Monday, January 23, 2012

mold work finished and trip to Carmel

All the work on the Tree of Life commission is basically finished, and the molds are now ready to ship to the foundry.

I wanted to add reinforcing to the large plaster mother mold for the tree branches. I used some aluminum driveway marker stakes (after using a bolt cutter to remove the reflector). They bend to the contours of the mold and the twists give something for the plaster to grab. We embedded them into the plaster mold with another layer of plaster.

Then, I trimmed the edges of the plaster mother mold with a chisel and carefully removed the plaster mother molds.

We had to cut out branches as we divided the rubber molds from the clay pattern. It was the only way to cut apart the rubber in the negative spaces between the intertwining branches.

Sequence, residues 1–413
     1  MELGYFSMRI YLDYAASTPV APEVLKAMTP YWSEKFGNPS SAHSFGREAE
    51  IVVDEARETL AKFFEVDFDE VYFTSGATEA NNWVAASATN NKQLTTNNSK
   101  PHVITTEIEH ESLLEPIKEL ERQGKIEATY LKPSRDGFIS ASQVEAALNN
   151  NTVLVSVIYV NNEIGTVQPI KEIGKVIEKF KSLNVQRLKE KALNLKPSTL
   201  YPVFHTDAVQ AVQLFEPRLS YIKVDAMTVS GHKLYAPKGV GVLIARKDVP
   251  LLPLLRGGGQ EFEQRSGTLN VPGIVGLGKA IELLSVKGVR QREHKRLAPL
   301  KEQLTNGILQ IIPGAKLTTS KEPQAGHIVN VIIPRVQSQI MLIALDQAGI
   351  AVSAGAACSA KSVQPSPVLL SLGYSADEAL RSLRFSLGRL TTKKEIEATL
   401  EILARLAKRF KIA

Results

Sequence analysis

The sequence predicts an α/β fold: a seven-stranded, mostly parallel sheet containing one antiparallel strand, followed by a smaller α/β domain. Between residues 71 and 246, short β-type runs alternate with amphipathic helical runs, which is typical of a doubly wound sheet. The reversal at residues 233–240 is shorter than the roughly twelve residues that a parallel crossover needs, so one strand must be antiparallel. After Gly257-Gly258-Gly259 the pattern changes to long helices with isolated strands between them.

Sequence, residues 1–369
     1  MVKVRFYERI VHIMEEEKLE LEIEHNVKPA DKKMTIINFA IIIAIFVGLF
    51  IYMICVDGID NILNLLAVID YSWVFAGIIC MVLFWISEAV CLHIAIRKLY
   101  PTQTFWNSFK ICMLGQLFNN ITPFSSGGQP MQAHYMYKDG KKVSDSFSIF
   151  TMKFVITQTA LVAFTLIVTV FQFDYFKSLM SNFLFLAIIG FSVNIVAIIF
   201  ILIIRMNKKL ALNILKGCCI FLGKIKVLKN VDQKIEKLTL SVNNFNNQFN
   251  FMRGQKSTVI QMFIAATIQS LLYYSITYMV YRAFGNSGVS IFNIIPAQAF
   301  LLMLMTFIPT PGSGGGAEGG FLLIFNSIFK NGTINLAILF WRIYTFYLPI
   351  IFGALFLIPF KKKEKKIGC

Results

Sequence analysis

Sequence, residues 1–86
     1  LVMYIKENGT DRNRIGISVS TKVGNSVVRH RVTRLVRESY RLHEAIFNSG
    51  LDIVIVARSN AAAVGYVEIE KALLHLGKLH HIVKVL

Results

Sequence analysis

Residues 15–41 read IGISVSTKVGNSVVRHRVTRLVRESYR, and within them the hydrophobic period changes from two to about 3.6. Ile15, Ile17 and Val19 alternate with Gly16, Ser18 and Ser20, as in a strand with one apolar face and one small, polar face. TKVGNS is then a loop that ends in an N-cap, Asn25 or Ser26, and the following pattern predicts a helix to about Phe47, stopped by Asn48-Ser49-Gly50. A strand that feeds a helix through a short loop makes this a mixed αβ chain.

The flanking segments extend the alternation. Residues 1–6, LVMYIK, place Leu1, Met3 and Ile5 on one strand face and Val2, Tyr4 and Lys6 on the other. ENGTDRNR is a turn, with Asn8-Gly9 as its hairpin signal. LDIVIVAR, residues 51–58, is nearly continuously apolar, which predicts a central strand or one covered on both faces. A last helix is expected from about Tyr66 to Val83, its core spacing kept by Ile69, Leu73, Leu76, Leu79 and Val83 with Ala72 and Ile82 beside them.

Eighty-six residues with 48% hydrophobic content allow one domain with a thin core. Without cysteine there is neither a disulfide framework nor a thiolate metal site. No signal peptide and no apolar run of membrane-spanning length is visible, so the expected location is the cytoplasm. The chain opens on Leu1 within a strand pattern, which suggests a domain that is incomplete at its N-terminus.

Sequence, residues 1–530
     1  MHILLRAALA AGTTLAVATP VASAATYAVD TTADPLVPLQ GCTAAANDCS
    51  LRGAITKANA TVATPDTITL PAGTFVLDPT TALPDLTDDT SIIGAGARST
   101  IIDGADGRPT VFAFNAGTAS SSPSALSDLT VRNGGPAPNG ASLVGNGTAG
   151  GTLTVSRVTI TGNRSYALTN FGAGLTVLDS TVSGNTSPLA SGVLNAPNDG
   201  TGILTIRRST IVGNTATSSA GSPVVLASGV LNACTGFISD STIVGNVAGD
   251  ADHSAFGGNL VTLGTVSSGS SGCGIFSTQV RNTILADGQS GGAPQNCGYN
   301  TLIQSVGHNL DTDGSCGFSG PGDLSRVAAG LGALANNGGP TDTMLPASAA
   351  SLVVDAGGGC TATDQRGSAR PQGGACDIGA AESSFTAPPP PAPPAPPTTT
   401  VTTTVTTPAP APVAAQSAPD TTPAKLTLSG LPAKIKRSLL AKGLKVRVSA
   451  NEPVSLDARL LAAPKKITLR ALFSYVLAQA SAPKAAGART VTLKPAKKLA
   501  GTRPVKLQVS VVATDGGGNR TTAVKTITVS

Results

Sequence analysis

We finally got the rubber molds separated, and placed them back into the mother mold.

These are the molds for the root sections.

Then, I built a crate...

...and gathered padding to cushion the molds for the ride across the Great Plains inside a freight truck.

I had a template made from 3/16" steel plate for the granite company to use in cutting the notch that the bronze tree will fit into. I wish that I had taken a camera with me to Ward Forging of New Albany, Indiana. They used these huge steel rollers to precision bend the steel plate (would have made a great photo...).

Now...on a personal note...
Saturday, we went to the residence of Lindsay and Will Arvin for a family gathering. This is Lindsay's mom, Emily, who is Meg's niece.

Will recommended that we try out Bazbeaux Pizza in downtown Carmel, Indiana. In my opinion, that's the best pizza that I've ever had - good call, Will!

Then, he led the way down the street to Evan Lurie Art Gallery. Check out these cast stainless steel door handles.

The work in the gallery (and the space) was top quality. I was particularly impressed with the paintings of Alexi Torres. Carmel, Indiana has a lot going for itself - check it out if you get the chance. (all photos copyright 2012 Meg White).

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